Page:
No lady’s outfit is complete without accessories and the most obvious is headwear of some kind. Queen Elizabeth, wife of Henry VII, and Queen Katherine of Aragon favour the English gable hood but the rounded French hood is also worn early in the Tudor period. Anne Boleyn favours the more becoming French hood but Jane Seymour reverts to the gable hood, perhaps to distinguish her profile from Anne’s. Anne of Cleves prefers the German fashion, Katherine Howard and Katherine Parr the French – to judge by their portraits. Queen Mary wears a different style of hood with a square gable, rather than pointed. In her early portraits, Princess Elizabeth wears a French hood but by the time she becomes queen, hoods are no more, replaced by elaborate hair – or wigs – and jaunty little hats. The medieval and Catholic rule of respectable women always keeping their hair out of sight is gone – at least until the Puritans enforce such modesty in the 1650s, long after the Tudor period. So at Queen Elizabeth’s court you can, quite literally, let your hair down.
Another vital accessory for the wealthy is a pair of gloves. Not labourers’ hard-wearing stout leather gloves but the daintier the better. These aren’t to keep your hands warm, in fact you don’t need to wear them but carry them prominently so everyone can see how beautiful they are. Finest kid-skin, silk or satin, tight-fitting, bejewelled and embroidered, gloves are an ideal, flattering gift for anyone, even the queen, and especially if they’re perfumed! Scented fans and purses are very fashionable. Queen Elizabeth loves to carry a fan as it’s perfect for wafting away unpleasant smells.
Now for the hair-do. If you’re not a natural red-head like the queen, nor a fashionable blonde, a mixture of saffron, cumin seed and celandine ground together in oil will soon achieve the desired effect or you could resort to wearing other people’s hair as the queen does. Elizabeth has at least eighty human-hair wigs and hair pieces in her wardrobe. These are vital as her own hair becomes thin as she ages but they’re also convenient because she can leave her stylist to work on her elaborate coiffure for tonight’s feast and banquet while she gets on with more interesting things, like playing off her would-be suitors, one against the other.
The most obvious accessory of the later Elizabethan period is the ruff, worn by both men and women of all ages and classes. What begins as a modest frill gathered onto the standing collar or band of a shirt or shift gradually grows into an impractical and absurdly huge ruff, beloved by Queen Elizabeth, if her portraits are any guide. At first, the design and size of ruffs is limited because they lay limp around the neck but an enterprising Dutchwoman, Dinghen van den Plass, comes to London as a refugee in 1564 and brings with her the art of starching linen. Only with the advent of starch does the ruff become possible. Simple neck ruffles become finer, more intricate in construction and folding, as starch becomes a vital commodity for the wealthy. Usually made from wheat flour, during times of shortage after a poor harvest, starch production means less flour for making bread. The government tries to ban its production in England but, since they also slap a heavy tax on imported starch, the eventual answer is the less extravagant neckwear of the Stuart period.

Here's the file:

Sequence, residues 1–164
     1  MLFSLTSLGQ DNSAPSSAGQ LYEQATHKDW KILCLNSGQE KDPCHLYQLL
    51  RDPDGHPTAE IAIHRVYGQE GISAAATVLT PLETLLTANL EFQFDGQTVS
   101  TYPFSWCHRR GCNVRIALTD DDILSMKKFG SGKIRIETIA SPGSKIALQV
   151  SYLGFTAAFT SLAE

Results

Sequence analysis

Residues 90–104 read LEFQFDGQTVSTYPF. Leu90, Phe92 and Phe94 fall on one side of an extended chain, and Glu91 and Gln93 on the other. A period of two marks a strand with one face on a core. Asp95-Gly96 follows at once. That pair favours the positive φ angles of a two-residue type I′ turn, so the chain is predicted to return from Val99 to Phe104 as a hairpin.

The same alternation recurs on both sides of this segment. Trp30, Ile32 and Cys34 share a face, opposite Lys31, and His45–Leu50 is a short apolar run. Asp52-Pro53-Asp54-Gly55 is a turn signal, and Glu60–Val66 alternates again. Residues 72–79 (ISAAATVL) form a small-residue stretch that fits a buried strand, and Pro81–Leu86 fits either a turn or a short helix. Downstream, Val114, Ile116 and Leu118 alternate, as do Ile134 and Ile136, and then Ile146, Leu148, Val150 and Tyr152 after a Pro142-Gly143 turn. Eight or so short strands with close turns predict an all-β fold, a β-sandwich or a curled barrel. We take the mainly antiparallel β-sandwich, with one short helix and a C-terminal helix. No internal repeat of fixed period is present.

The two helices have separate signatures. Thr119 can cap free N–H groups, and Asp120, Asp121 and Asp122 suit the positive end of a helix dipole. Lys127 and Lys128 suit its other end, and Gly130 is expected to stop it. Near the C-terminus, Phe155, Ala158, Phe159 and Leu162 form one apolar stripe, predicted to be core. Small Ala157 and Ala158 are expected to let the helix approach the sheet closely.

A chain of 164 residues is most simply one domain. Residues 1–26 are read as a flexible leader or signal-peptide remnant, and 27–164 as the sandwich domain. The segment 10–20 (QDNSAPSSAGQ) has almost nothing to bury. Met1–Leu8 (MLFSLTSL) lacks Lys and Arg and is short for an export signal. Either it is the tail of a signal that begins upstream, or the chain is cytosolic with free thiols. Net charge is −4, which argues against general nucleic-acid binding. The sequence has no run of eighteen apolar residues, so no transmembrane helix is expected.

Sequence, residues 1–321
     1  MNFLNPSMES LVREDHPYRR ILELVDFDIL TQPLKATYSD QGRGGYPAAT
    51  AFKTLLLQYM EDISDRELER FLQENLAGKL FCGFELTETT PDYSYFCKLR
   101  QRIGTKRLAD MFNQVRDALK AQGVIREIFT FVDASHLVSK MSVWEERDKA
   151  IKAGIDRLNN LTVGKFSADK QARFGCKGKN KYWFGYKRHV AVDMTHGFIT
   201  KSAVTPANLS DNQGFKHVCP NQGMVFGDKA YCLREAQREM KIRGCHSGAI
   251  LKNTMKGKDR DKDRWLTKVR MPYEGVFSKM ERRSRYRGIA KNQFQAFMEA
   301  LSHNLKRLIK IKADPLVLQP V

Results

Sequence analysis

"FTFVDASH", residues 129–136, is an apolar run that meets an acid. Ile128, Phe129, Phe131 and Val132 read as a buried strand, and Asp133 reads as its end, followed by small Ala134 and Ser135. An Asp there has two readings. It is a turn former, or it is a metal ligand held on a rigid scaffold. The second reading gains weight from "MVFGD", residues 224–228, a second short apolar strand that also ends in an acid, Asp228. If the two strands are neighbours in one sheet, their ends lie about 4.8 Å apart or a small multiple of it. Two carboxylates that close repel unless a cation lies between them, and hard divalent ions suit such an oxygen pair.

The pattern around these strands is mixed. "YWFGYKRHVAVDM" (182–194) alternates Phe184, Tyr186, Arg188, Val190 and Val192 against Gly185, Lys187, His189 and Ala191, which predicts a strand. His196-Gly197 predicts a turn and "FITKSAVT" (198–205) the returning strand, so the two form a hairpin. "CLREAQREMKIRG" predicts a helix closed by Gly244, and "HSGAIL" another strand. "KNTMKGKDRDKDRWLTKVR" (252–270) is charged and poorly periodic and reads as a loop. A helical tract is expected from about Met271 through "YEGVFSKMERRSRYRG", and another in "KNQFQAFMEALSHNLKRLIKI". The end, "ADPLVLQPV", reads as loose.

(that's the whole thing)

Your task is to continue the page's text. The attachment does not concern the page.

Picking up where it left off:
Although Queen Elizabeth is always shown in her portraits wearing a ruff of virgin white, coloured ruffs are fashionable too, usually tinted pink or yellow. However, do not be tempted to wear a blue one as these are the badge of a prostitute. So that sums up what the Tudor woman of fashion should be wearing.
If you wish to read about many interesting characters, places, food and pastimes of the sixteenth century, my new book How to Survive in Tudor England is published on 30th October 2023.
Imagine you were transported back in time to Tudor England and had to start a new life there, without smart phones, internet or social media. When transport means walking or, if you’re lucky, horse-back, how will you know where you are or where to go? Where will you live and where will you work? What will you eat and what shall you wear? And who can you turn to if you fall ill or are mugged in the street, or God-forbid if you upset the king? In a period when execution by be-heading was the fate of thousands how can you keep your head in Tudor England?
All these questions and many more are answered in this new guide book for time-travellers: How to Survive in Tudor England. A handy self-help guide with tips and suggestions to make your visit to the 16th century much more fun, this lively and engaging book will help the reader deal with the new experiences they may encounter and the problems that might occur.
Enjoy interviews with the celebrities of the day, and learn some new words to set the mood for your time-travelling adventure. Have an exciting visit but be sure to keep this book to hand.
Toni Mount researches, teaches and writes about history. She is the author of several popular historical non-fiction books and writes regularly for various history magazines. As well as her weekly classes, Toni has created online courses for www.MedievalCourses.com and is the author of the popular Sebastian Foxley series of medieval murder mysteries. She’s a member of the Richard III Society’s Research Committee, a costumed interpreter and speaks often to groups and societies on a range of historical subjects. Toni has a Masters Degree in Medieval Medicine, Diplomas in Literature, Creative Writing, European Humanities and a PGCE. She lives in Kent, England with her husband.